Town of Greenburgh Supervisor On Westchester Real Estate Sales

Recently, Bloomberg News published an article indicating that Westchester home sales have plunged. They blamed the President’s tax overhaul. (Article below) Higher end homes are facing a harder time than starter homes which seem to be having a much easier time selling.

I invited three local realtors- Michael Bryant, Natalie Werner and Marilyn Krizansky to appear as guests on my WVOX weekly radio program.  They discussed the local Greenburgh housing market and shared info –about the housing market in different neighborhoods. Some sections of town are doing better than others.

The realtors also discussed other factors that impact home sales. I asked them to share their thoughts on what potential home buyers who are considering moving to Greenburgh want.  If you’re a realtor and have additional comments and would like to discuss your views please advise. This is an important issue and the more feedback the better!

I feel bad that some neighborhoods in town are experiencing a home sales slump and want to be of help. Over the years I have chatted with potential home owners–I also take families on tours of the town before they sign a contract–showing residents our town parks, library, community centers and highlighting our excellent services.  We’re working hard to make government as efficient as possible.

If you have any other suggestions as to action steps that we could take to help the housing market in all sections of town please email me at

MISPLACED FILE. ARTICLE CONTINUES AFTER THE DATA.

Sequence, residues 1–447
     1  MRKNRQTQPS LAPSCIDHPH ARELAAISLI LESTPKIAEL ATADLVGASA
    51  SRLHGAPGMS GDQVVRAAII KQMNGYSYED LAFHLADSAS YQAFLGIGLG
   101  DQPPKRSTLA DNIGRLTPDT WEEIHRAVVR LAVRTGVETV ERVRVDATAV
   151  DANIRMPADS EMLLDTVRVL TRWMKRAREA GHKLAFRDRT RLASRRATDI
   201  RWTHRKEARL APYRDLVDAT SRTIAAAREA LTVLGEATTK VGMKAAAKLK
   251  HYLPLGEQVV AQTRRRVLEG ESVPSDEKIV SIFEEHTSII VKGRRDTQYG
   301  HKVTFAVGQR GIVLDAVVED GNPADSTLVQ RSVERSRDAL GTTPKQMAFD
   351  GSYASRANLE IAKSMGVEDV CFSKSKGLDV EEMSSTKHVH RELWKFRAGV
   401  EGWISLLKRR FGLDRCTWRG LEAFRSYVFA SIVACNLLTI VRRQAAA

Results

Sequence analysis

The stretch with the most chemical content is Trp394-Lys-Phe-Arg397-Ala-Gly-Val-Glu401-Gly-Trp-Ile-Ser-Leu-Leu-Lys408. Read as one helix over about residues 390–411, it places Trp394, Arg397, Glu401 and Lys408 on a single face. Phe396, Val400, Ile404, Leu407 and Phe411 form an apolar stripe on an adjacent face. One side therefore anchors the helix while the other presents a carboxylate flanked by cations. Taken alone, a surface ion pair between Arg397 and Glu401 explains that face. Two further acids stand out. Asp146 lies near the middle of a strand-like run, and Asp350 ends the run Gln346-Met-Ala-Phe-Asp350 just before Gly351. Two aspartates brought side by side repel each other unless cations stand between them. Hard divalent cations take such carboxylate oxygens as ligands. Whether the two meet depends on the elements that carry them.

Feiner’s  interview on WVPX  – Friday July 20,2018  –


The nation’s new tax law is scaring would-be homebuyers from Westchester, a longtime refuge for families escaping New York City’s high costs.

Purchases in the northern suburban county — which shoulders the biggest property-tax burden in the U.S. — plunged 18 percent in the second quarter from a year earlier, the most since 2011, according to a report Thursday by appraiser Miller Samuel Inc. and brokerage Douglas Elliman Real Estate. It was the fourth consecutive quarter of sales declines.

“We’re seeing buyers take a second to understand the math,” Scott Elwell, Douglas Elliman’s regional manager in charge of Westchester and Connecticut, said in an interview. “They’re spending more time with their accountants and really understanding how this plays out.”

Home shoppers are holding off on purchases in Westchester amid concerns that they can no longer write off their sky-high property taxes. Federal rules approved in December set a $10,000 limit on deductions for state and local levies — well short of the $17,179 average that Westchester residents paid in property taxes last year, according to Attom Data Solutions.

Rising Values

Even before the tax changes, years of rising values were already making Westchester less affordable, said Jonathan Miller, president of Miller Samuel. The median price of homes that sold in the three months through June climbed 5 percent from a year earlier to $525,000, according to the report. Prices have increased in all but three quarters since the beginning of 2013.

The drop in transactions is likely to continue. On June 30, there were 8.8 percent fewer Westchester homes in contract than there were on the same day last year, brokerage Houlihan Lawrence said in its own report. The biggest decline was for homes priced from $1.5 million to $1.99 million. Pending deals in that range fell 17 percent to 94.

In Scarsdale, home to many Wall Street executives, completed sales in the first half of the year were down 20 percent to 88 transactions, Houlihan Lawrence said. The median price there dropped 5 percent to $1.57 million. In nearby Mamaroneck, closings rose 25 percent to 127. The median price of those deals dropped 13 percent to $1.19 million.

This article was provided by Bloomberg News.

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